People who are content to advocate policies that sound good, whether for political reasons or just to feel good about themselves, often do not bother to think through the consequences beforehand or to check the results afterwards.

If they thought things through, how could they have imagined that having large numbers of idle teenage boys hanging out on the streets together would be good for any community — especially in places where most of these youngsters were raised by single mothers, another unintended consequence, in this case, of well-meaning welfare policies?

Thomas Sowell is a senior fellow at the Hoover Institution, Stanford University, Stanford, CA 94305. His website is To find out more about Thomas Sowell and read features by other Creators Syndicate columnists and cartoonists, visit the Creators Syndicate Web page at



2 Comments | Post Comment
Regarding the argument to increase minimum wage, you mentioned decreasing employment opportunities that come with an increase of minimum wage but failed to mention the increased costs of pretty much everything sold or rented. i am a US citizen living and working in Australia, to live in a one bedroom apartment in the suburbs of Perth (20 to 40 minutes from the central business district) will cost you between 1200 and 1600 a month, a can of Coke at a service station here is around 3.00, a small bottle of water is around 4.00, a meal at the average McDonalds or KFC here will cost anywhere from 10.00 to 14.00, that is one meal for a single individual with a drink included. I won't even discuss what my average monthly grocery bill is for one person. Did I mention minimum wage is around 15.00 an hour. You can make all of the arguments you want for raising minimum wage, but in doing so not only do you decrease employment opportunities for the poor but you increase the cost of living for them.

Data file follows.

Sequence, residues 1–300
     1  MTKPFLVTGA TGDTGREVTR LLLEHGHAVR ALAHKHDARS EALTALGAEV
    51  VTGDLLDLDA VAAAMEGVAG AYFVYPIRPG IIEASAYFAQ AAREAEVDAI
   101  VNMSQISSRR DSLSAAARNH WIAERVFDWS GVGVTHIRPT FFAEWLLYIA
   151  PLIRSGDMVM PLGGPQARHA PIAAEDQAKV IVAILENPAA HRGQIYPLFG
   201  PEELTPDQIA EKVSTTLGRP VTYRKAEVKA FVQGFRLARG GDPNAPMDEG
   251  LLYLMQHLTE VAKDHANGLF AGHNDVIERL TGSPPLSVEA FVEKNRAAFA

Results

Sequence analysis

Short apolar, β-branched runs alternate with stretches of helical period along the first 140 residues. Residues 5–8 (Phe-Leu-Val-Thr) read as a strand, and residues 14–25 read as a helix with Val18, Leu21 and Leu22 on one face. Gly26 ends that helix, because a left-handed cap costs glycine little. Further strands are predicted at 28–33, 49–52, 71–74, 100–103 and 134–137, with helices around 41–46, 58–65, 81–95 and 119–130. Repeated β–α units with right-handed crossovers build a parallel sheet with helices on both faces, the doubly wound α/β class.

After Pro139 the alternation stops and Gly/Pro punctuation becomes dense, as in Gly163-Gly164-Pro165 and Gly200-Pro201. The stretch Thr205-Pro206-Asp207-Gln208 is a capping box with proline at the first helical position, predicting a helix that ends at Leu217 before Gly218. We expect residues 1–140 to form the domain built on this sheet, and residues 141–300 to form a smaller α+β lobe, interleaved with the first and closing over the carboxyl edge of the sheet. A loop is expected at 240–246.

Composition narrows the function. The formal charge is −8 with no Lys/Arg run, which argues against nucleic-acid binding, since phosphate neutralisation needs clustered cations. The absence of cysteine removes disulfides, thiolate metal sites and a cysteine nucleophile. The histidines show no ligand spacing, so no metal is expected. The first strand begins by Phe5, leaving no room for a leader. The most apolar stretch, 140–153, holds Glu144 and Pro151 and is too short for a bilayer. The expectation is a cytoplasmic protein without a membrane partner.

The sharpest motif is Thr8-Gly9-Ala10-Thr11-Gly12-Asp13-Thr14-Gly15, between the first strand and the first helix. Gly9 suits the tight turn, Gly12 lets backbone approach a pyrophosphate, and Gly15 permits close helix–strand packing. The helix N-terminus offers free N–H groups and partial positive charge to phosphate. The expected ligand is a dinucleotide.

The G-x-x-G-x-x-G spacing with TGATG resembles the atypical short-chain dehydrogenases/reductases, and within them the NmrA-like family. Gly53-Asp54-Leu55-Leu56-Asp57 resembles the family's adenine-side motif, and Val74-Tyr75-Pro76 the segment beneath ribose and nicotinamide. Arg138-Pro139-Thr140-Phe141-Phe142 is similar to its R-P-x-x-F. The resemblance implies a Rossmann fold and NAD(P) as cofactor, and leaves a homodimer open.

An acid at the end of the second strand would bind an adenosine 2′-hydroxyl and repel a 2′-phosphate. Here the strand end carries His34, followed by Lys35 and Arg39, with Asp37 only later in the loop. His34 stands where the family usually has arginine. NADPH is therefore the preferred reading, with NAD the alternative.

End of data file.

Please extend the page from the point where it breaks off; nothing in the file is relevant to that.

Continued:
Comment: #1
Posted by: Keri Manuel
Tue Sep 17, 2013 12:18 AM
Hello Thomas Sowell,

Regarding the columns of 9/17 and 18/2013 here is something I wrote to a liberal acquaintance:

"Part of the reason why some people need help is because they have been hurt by government programs that are supposedly there to help them. Just two examples.

"Minimum wage. This is pushed as a way to make sure people earn a "living wage." But the reality is that if I am an employer and the minimum wage is say $8 per hour, am I going to hire an unskilled, uneducated and inexperienced applicant who I expect can only contribute to my business to the tune of $5 an hour for $8 an hour, or a skilled, educated, experienced applicant who will be fully worth the $15 an hour I need to offer to hire him? Without the minimum wage many people who are now unemployed could get entry level jobs and work their way up. As it is entry level jobs for the unskilled, uneducated and inexperienced are virtually non-existent - unless, of course, you are an illegal immigrant.

"Housing and building regulations. If I am one of these people who can't find a job because of the minimum wage or I am an illegal immigrant working below minimum wage, what would be better for me in terms of housing - living in a house or apartment that does not meet housing regulations, or being homeless. There are plenty of people out there who would be happy to provide housing for the poor at a price the poor could afford if it were not for housing regulations. Because of housing regulations, such housing is not available.

"These are just two examples. I could sum it up this way. It has effectively become illegal to be poor in this country or to provide goods and services to the poor at a price and quality that they can afford. Instead we have all sorts of laws and regulations that that not only do not help the poor, they instead make the poor even more miserable than they would be otherwise."

Matt Grinberg
Comment: #2
Posted by: Matt Grinberg
Mon Sep 23, 2013 8:22 AM